Before we get too deep into the study of organizational wisdom, let us first establish what organizations are.
An organization is a collection of people who collectively work towards a common purpose. Generally, organizations possess some form of hierarchy and division of labour–that is, it has some form of structure.
This structure may be formal, such as in a publicly-traded company where policies and procedures define who does what and how they do it. Alternatively, the structure might be informal, such as a student-team you join as part of a group project for a course where you agree amongst yourselves who does what and how they do it.
Importantly, organizations are what we call “.” An open system means the organization has an effect on and is affected by the outside world.
The group’s structure (i.e., its hierarchy and division of labour) separates an organization from, say, a group of friends hanging out. Thus, a sports team, with coaches, team captains, and players who play specific positions, is an organization. You and your buddies watching movies on Friday night lack a hierarchy and division of labour and thus are not an organization.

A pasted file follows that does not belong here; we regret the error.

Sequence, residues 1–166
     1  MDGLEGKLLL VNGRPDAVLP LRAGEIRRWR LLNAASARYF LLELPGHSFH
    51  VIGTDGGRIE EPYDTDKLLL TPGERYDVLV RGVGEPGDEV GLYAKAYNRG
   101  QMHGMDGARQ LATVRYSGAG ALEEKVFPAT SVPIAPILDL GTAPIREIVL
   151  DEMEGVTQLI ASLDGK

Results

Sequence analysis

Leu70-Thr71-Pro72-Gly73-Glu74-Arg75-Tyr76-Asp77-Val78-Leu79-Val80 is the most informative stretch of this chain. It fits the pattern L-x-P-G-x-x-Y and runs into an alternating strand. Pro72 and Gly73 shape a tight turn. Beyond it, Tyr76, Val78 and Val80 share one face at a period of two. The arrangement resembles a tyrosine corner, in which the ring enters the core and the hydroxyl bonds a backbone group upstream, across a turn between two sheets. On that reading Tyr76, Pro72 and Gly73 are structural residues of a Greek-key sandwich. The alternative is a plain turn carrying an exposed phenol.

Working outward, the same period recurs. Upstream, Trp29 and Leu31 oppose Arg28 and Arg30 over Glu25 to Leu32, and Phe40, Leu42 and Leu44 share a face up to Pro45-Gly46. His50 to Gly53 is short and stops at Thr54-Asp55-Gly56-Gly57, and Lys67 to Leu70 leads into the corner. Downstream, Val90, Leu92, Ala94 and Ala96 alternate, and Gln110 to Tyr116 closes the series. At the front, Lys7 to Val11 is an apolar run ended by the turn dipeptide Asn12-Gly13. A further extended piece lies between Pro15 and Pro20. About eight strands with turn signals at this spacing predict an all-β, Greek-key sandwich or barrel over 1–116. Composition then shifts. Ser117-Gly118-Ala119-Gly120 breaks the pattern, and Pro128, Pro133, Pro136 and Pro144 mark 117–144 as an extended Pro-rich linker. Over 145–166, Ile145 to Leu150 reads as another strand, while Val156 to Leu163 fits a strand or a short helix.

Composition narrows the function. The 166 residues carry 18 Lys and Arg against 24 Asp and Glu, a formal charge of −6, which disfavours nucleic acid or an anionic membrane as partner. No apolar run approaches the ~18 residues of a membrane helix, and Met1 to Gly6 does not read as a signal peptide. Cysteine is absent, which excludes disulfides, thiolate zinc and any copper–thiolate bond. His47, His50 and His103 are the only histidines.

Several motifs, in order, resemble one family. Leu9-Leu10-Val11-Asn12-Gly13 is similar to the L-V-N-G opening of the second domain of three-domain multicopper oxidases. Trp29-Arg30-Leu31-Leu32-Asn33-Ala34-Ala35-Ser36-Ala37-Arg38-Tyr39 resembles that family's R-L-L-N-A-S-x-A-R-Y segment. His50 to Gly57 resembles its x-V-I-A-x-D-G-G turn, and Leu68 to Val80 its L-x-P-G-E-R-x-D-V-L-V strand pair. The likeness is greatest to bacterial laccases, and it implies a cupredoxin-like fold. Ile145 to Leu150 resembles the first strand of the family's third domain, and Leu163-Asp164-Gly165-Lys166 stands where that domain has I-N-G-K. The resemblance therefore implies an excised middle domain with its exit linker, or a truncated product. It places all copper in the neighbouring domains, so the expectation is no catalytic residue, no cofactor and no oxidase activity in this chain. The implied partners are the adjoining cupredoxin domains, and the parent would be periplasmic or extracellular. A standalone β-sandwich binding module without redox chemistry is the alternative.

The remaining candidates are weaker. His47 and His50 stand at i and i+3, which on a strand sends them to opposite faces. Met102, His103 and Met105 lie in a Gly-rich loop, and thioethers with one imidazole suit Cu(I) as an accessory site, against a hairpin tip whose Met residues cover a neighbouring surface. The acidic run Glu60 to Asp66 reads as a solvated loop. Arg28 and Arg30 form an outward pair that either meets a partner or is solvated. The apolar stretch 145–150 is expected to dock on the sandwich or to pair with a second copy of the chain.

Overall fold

Organizations come in many sizes, ranging from small teams with just a couple of members to massive corporations with thousands of employees. Note, large organizations are often composed of many smaller sub-groups. For example, a single business may consist of several departments, such as accounting, manufacturing, marketing, and human resources.
Each of these departments will have their hierarchy and division of labour, and so are organizations in their own right. In such situations, the business would be the primary organization while the departments are sub-organizations. If those departments are large enough, they may have sub-organizations of their own.
The concepts in this textbook apply to any size and type of organization, though it will emphasize larger organizations that consist of several sub-organizations. When this textbook uses the word “group,” it is referring to sub-organizations. When it uses the word “organization,” it is referring to the primary organization.
- Consists of a group of people collectively working towards a common purpose.
- Has structure–hierarchy and division of labour
- Can be big or small
- May consist of multiple sub-organizations
- organization. BusinessDictionary.com. Retrieved September 04, 2019, from BusinessDictionary.com website: http://www.businessdictionary.com/definition/organization.html ↵
A system that has an effect on and is affected by the outside world.